February 28, 2012

Riding the Bike of Emotion…

Good Tuesday to You!

I hope this message finds you well.

I had a busy day of writing, coaching, and producing video for www.chekconnect.com yesterday.

My monthly message is FREE on the site and this month it is about how to find your Dream when you are having a hard time finding your dream.

For those of you that are interested, you can subscribe to my monthly Q&A with Paul video series where I answer people’s questions from around the world on a wide variety of topics.

This is a great opportunity to learn simple, natural methods for aiding the healing process from much of what ails people and is particularly useful to those in the health care and exercise professions.

I got in the gym yesterday for quick workout coupling lunging, squatting and multidirectional cable twists, which felt great.

It is always nice to see the CHEK students learning. Yesterday, they had Master Chris Maund teaching them (Janet Alexander’s husband).

He’s a taskmaster and if you are in his class, you are sure to learn!

We will announce the winner and runners up for the PPS Success Mastery Dream Big Contest in the next couple of days.

So keep your eyes open to meet some amazing PPS Success Mastery Program winners!

Riding the Bike of Emotion!

We all have to experience our emotions day in and day out, moment to moment.

Our emotions are the product of energy flow within our body-mind. Emotions inform us of the feelings we have with regard to:

1. Our inner perception of the outer environment, and

2. Our inner perceptions of our inner environment.

Emotion essentially means, energy~moving.

Speaking on a grand scale, emotion is the product of love – Love being the energetic flow of desire being willed and will being perceived.

All things and energies in the universe are a result of yin becoming yang and yang becoming yin in every sense of the words; the sun is hot, but will become cold; space is cold, but suns warms it!

When we are infants, children and adolescents, we are under constant influence from parents, siblings, family, and our social circles.

In that milieu, we learn to express and feel our emotions. How we experience our emotions and interpret them is most commonly a reflection of how our parents teach us to create, express, experience and respond to emotional stimuli.

Through our emotions, our mental activity is emotionalized. This allows us to feel our thoughts.

The “feelings” we attach to our “thoughts” is also greatly influenced by our programming in our early years.

Our programming, for example, teaches us what to love, to fear, and how we may respond to either stimulus.

Children are generally supported by their parents such that they can safely and effectively express their emotions, giving them an opportunity to connect meaning with feeling.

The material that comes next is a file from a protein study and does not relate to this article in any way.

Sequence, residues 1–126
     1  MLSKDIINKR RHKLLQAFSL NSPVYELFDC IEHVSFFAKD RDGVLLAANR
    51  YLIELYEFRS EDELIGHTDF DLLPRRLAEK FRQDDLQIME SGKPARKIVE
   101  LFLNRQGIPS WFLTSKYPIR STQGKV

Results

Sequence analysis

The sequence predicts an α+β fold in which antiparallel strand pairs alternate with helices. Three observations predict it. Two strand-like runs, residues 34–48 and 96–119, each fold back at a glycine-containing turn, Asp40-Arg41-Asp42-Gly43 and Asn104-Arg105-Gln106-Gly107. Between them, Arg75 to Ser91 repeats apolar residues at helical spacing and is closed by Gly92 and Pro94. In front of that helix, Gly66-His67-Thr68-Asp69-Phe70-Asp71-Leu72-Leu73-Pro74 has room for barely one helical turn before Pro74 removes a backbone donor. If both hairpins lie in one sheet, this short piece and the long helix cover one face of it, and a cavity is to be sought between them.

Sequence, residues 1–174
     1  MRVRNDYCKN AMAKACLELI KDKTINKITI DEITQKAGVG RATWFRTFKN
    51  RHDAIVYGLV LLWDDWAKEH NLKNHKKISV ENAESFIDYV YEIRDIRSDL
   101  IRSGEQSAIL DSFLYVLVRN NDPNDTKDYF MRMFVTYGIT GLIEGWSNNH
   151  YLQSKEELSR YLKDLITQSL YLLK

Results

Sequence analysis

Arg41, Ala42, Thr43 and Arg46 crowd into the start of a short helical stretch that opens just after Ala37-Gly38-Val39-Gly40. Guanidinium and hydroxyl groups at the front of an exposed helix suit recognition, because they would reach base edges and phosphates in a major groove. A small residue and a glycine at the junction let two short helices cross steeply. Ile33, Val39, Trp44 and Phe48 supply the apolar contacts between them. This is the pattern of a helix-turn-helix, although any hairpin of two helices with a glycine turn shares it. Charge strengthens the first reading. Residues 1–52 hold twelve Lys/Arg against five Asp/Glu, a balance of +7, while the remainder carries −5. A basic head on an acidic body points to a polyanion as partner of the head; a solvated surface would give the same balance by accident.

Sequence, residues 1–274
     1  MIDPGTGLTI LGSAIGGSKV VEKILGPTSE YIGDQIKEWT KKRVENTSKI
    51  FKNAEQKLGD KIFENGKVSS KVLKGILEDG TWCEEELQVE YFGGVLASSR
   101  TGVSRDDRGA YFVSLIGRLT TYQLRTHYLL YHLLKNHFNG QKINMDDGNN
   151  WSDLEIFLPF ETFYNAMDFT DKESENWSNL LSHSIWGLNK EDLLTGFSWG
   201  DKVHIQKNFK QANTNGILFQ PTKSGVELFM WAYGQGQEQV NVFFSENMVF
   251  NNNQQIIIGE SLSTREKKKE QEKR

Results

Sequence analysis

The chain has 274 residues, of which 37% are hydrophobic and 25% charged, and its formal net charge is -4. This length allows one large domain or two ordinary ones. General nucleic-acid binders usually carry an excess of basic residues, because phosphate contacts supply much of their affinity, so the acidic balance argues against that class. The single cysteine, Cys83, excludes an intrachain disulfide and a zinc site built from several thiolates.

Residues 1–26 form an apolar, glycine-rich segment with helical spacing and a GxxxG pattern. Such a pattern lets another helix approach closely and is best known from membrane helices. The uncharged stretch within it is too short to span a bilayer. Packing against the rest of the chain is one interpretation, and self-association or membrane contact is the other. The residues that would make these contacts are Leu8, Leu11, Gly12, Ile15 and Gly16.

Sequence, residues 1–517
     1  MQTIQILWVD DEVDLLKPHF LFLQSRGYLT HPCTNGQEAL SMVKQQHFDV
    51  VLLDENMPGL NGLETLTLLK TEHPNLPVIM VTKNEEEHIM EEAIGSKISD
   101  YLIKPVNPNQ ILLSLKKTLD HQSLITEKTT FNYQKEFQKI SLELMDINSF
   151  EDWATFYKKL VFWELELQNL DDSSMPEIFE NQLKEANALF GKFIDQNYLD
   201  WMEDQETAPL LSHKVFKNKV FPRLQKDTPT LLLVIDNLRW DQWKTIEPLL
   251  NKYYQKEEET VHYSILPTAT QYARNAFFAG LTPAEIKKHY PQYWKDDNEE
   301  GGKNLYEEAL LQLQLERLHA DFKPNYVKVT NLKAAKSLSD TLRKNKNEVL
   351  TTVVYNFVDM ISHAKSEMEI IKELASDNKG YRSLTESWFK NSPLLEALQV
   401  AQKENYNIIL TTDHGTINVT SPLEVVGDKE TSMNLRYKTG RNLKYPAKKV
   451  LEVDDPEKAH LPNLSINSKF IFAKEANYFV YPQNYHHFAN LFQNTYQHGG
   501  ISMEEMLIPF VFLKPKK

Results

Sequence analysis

As parents, we do our best to guide our children and act like training wheels for them.

Unfortunately, many children are simply tossed on their emotion-bike and sent down rocky mountain trails without an effective training period, nor training wheels!

This kind of experience floods the child with affect, while often detaching their feelings from any logic or understanding of such events.

This often triggers painful and scary associations with all perceived in the environment at the time.

The result can be that such people have emotional upheavals or outbursts for what seem unlikely or illogical reasons relative to those of us that were raised with appropriate use of training wheels before being tossed to the mountain trails.

I had to laugh when I found this image of George Bush riding a bike with training wheels!

At some point in our lives, most of us realize that our emotions, though important and necessary, are commandeering our minds.

We often have the experience of making snap decisions our of emotional turbulence that we regret later on, often damaging potentially good relationships.

Initially, most of us deny what we are experiencing as potentially of our own creation.

After enough setbacks though, those that have higher aspirations than constantly being in a state of turbulence and relationship dissonance begin seeking ways to balance themselves. T

his is the desire for training wheels on our mental~emotional bike.

I’m still riding my mental~emotional bike with training wheels of my own making.

My upbringing was tumultuous, to say the least. I still have to witness and actively seek to manage the emotional flow that moves through me and often realize I’m reacting to triggers developed from the period of my developmental relationships.

Sometimes, it’s quite tough because some of us find ways to become special, or celebrated in some way because of our emotional surges.

For example, such emotional surges, turned into athletic fervor; when I played football, boxed, and kick boxed, I could turn my rage into a force of impact and was often celebrated for that!

When an emotional child or youth gets celebrated for such explosive self-expression, it often sets the tone for how they are likely to express themselves outside the athletic arena!and non-competitors often don’t appreciate the battering.

This can be very confusing for those that go from being celebrated in one instance to being chastised in another.


Being rather simple-minded, I often come up with simple ways or concepts I can use and test on myself before teaching them to others.

One of my simple methods is riding the bike of emotions. Riding this bike isn’t quite as easy as the physical bicycle!

When I was a junior motto-cross racer, my first coach told me, “Paul, if you race a motorcycle, you are going to fall off, but the secret to success is to get right back up, dust yourself off, and get back on before you let fear take hold of you!”